China approves human trials of vaccine for deadly bird flu strain
Scientists say mild outbreaks in previous years had limited commercial interest in a solution
The Chinese mainland has approved human trials of four vaccines for the H7N9 bird flu virus as authorities struggle to contain the deadliest outbreak of the disease to hit the country.
In January alone, the virus killed 79 people. Among the latest victims were a 23-year-old woman and her three-year-old daughter in Yunnan province.
The trials would comprise several phases, Xinhua reported on Thursday. Scientists began testing potential H7N9 vaccines on animals soon after the first human case was reported in March 2013.
Researchers were initially hopeful that a human vaccine would be available “soon” but success has been hampered by technical, business and regulatory hurdles.
Dr Shi Yi, viral infection researcher with the Chinese Academy of Sciences’ Institute of Microbiology, described H7N9 as a “serial killer with two faces”.
Shi’s team, which studied the viral strain after the 2013 outbreak, was puzzled by the virus’ ability to spread and kill. The virus in humans spread quickly too, but was far less lethal, Shi said.
It affects the upper respiratory tract – which allows it to be transmitted easily through saliva – but usually spares the lungs. Other deadly bird flu viruses, such as H5N1, usually affect the lungs and cause great discomfort for their victims but spread less effectively.
H7N9 targeted both the upper throat and the lungs, enabling it to not only spread quickly but also to inflict lethal damage on its victims, Shi said.
The unique nature of this viral strain posed technological challenges to developing a human vaccine for it, but there were also other obstacles, Shi said.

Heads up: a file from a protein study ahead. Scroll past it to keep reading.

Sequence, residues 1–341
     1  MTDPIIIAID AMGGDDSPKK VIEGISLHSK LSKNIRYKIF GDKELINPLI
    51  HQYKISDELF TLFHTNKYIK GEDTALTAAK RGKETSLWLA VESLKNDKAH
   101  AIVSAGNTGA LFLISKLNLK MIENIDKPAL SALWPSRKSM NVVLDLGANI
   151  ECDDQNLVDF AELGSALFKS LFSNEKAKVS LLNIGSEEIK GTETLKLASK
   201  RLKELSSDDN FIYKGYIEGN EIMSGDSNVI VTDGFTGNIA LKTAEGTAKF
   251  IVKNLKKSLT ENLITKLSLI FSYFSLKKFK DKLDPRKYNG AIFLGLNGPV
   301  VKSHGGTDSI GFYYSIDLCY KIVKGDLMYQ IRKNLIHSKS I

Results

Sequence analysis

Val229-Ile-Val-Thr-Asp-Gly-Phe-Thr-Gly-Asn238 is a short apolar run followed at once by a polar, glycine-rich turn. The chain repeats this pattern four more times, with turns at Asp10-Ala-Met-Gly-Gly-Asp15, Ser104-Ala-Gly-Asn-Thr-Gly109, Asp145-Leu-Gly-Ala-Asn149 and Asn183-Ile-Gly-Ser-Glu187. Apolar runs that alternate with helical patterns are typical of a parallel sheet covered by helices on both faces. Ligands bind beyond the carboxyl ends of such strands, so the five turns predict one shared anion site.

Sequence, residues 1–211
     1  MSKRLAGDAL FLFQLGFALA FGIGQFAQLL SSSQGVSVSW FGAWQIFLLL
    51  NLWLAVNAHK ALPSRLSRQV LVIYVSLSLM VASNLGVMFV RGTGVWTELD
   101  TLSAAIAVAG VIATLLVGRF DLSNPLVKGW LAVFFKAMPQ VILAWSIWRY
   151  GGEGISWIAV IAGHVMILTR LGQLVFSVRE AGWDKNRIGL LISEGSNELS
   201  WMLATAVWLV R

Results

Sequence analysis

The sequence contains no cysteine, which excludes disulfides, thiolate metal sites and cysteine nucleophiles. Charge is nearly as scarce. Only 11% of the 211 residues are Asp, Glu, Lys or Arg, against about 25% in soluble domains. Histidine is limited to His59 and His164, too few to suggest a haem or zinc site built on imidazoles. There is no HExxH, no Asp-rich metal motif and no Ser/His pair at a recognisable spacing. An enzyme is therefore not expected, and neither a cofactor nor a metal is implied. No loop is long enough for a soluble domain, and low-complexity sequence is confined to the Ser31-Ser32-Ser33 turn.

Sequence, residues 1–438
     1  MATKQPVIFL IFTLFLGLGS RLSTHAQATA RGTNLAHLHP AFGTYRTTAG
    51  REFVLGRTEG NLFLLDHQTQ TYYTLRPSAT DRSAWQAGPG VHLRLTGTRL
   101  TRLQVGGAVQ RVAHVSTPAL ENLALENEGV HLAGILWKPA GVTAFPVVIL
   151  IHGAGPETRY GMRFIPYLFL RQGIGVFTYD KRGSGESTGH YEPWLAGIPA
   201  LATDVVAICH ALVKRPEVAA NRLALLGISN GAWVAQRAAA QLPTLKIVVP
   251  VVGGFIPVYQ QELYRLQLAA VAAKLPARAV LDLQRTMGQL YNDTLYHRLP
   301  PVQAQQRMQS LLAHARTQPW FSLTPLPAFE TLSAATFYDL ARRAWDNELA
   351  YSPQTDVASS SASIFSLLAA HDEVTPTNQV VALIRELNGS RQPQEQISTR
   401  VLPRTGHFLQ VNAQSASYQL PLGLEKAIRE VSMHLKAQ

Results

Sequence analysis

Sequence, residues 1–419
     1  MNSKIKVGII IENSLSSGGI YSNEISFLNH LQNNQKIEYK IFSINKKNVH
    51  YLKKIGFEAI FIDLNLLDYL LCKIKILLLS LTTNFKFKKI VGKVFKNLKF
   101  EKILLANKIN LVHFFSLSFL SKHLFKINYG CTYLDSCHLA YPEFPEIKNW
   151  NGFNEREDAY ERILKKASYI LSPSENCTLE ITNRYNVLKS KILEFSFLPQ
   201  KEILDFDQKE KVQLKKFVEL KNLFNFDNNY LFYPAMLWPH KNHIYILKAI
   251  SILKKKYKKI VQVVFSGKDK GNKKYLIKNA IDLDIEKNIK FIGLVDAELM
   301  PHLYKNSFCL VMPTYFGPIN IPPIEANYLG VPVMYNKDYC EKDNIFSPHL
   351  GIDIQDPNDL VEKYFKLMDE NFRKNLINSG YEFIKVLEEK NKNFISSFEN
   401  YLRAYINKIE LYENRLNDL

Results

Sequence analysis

With the H7N9 outbreaks being relatively mild in recent years, commercial interest to develop the vaccine had been limited as there was little demand, he said.
“It is hard to persuade a vaccine company [to invest] without the promise of profit,” Shi said.
A publicly available vaccine could take eight to 20 years, according to mainland media reports.
“We should work harder to speed up the pace of vaccine development because it is the only method to save a large population from a possible outbreak of the deadly virus,” Shi said.
Professor Zhou Demin, dean of Peking University’s School of Pharmaceutical Sciences, said he felt sorry for patients who were suffering or dying from diseases that could be cured by drugs under development.
Zhou’s team published a study last year on Science, a US academic journal, about a groundbreaking technology to quickly develop vaccines for almost any virus and effectively cure ongoing infections.
Since then, patients with HIV/Aids and other presently incurable diseases have sought him out in his office frequently, he said.
But the technology requires at least three to five years to pass regulatory checks before it can be tested on humans, according to Zhou.
“It is really sad to watch people dying with a possible cure in hand,” he said. “But we are scientists, not doctors. All we can do is communicate with government regulators to accelerate approval for new drugs.”